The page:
It was the fourth straight year that Obama filled out an NCAA tournament bracket for ESPN. On the women's side, he selected Baylor, St. John's, Connecticut and Notre Dame to advance. ESPN will reveal the president's full men's bracket Wednesday.

Obama seemed to relish courtside for a basketball game, his favorite sport. He frequently pointed to some of the activities on the floor, appearing to explain the game to his British counterpart. Early in the first half, two young women arrived with hot dogs for both leaders, along with a bottle of water for Obama and a Coke for Cameron, who spread ketchup on his hot dog.

With 12:30 remaining in the first half, Obama clapped after Mississippi Valley State's Terrence Joyner put in a layup and the president later nodded approvingly when Joyner's teammate, William Pugh, scored on a breakaway dunk.

After a low-scoring first half, Obama told Kellogg that "both teams are shooting terribly.

"It may be nerves," the president said. "These are not teams that normally end up coming to the tournament."

Obama was seated next to Cameron and Marvin Nicholson, a White House aide. Three young women sat next to Nicholson and got to chat with the president. Cameron was also seated next to Downing Street Chief of Staff Ed Llewellyn, who chatted with White House Chief of Staff Jack Lew and Ohio Gov. John Kasich. Students and staff members of the University of Dayton sat nearby.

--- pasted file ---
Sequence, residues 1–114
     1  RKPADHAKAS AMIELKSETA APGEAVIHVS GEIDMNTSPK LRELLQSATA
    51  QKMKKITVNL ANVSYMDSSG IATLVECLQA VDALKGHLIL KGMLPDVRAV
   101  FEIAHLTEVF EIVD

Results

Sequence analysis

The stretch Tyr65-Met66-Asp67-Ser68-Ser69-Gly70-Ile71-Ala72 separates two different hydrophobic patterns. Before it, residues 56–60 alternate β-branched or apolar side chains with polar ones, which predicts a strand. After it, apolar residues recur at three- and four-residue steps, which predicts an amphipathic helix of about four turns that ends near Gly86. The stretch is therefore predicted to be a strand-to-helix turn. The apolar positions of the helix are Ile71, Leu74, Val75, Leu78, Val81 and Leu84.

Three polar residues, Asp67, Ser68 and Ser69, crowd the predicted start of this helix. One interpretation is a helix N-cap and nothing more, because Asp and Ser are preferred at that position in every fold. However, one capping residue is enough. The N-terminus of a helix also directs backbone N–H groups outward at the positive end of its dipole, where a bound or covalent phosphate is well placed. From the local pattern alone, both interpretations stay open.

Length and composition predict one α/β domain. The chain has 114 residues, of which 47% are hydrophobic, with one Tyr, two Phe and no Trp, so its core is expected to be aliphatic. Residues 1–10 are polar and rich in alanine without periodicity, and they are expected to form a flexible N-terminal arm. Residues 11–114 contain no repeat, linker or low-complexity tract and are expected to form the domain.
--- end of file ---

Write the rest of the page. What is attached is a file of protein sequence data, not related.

Kasich, a former Ohio congressman, said he discussed shale gas development in Ohio with Obama. "He's concerned about the environment. We can do it where it's environmentally sound, and we can get the jobs," Kasich said.

Some Republicans panned the trip, saying many Americans would prefer Obama to focus on more pressing issues.

"While showing off our amazing college basketball teams is great, many Americans struggling to find jobs, dealing with soaring gas prices, or concerned with our rising deficit and debt would probably like the president spend at least as much time dealing with those issues," said Sean Spicer, a spokesman for the Republican National Committee

Basketball has been a big part of Obama's life. At his Hawaii high school, Obama frequently carried a basketball along with his school books and bonded with his teammates on the court. His brother-in-law, Craig Robinson, played for Princeton and now coaches Oregon State.

The president regularly plays pickup basketball and keeps close tabs on his favorite NBA team, the Chicago Bulls. In a recent interview, the president said he gets League Pass on his iPad, letting him watch out-of-market NBA games on his tablet computer.

Obama kicked off the basketball season with a Veterans Day game between Michigan State and North Carolina on the flight deck of the USS Carl Vinson in November, enjoying a game on the aircraft carrier that took Osama bin Laden's body to a burial at sea after the U.S. raid that killed the al-Qaida leader.

"Part of what makes this wonderful is not only that anybody, at least at the start of the tournament, has a dream about winning it," Obama told Kellogg. "But the way it brings the country together, and families and communities, people rooting for their alma mater."